February in northern Europe can be a desolate month. Blasts of icy air come down from the Arctic, the days don’t seem to be getting any longer, and the financial hangover from Christmas lingers. For fans of road racing though, February is a special time. This is when the new season truly starts. The training camps, with their carefully managed media infiltrations, are over—so, too, the photo-ops with a wallaby Down Under or a hawk in Qatar. This is the time to get serious. We are in Belgium for Omloop Het Nieuwsblad—formerly named the snappier Het Volk (“The People”). It’s cold, it’s probably wet, and yet there is a festive atmosphere because it’s the last weekend of February and winter is almost over.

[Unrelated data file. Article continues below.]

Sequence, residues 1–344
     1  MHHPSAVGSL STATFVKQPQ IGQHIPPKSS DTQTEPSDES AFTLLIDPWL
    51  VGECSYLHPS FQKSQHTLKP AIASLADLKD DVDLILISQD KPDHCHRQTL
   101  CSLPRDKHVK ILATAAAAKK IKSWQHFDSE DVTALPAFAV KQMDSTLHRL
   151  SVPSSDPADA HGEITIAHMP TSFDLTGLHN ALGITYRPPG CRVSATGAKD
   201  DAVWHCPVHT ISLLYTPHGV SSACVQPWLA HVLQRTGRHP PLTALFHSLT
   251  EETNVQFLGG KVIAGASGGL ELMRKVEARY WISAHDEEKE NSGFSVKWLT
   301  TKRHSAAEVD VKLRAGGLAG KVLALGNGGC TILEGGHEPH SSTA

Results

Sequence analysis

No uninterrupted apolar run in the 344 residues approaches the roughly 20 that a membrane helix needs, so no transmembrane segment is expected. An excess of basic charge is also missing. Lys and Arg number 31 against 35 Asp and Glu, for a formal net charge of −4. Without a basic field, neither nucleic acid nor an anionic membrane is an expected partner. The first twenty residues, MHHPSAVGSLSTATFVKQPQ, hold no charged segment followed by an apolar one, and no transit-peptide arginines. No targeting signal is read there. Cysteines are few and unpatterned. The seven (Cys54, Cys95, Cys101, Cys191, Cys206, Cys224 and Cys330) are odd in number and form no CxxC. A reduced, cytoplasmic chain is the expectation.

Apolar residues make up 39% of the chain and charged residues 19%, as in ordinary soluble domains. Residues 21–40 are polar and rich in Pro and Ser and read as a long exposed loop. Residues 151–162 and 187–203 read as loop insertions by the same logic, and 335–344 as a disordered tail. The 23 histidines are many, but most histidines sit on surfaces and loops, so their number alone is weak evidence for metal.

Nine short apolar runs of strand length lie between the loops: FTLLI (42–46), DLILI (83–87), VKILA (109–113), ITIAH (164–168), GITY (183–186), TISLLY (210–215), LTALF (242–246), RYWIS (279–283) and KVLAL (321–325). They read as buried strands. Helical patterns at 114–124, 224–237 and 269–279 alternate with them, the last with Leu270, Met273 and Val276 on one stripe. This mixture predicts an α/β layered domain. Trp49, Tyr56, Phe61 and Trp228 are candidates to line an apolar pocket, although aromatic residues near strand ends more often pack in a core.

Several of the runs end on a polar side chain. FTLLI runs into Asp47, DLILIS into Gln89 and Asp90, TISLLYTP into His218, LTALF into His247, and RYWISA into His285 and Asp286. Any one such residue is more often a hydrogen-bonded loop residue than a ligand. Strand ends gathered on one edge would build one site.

Words: Paul Maunder
Illustrations: Matthew Burton

Belgian cycling fans have had ’cross to sustain them over the winter months. But here in Ghent, the Omloop raises the curtain on the most glorious part of the cycling calendar: the cobbled classics. For the next six weeks, the WorldTour teams will do battle in one epic race after another: E3 Harelbeke…Ghent-Wevelgem…Ronde van Vlaanderen…Paris-Roubaix.

And though the Roubaix cobblestones are in France, the same Flemish spirit hangs over them. Flanders has come to represent the heart and soul of European cycling. Its races are tough, unpredictable and dangerous. But there is something else that provokes such an emotional response from us fans, something deeper than bike racing.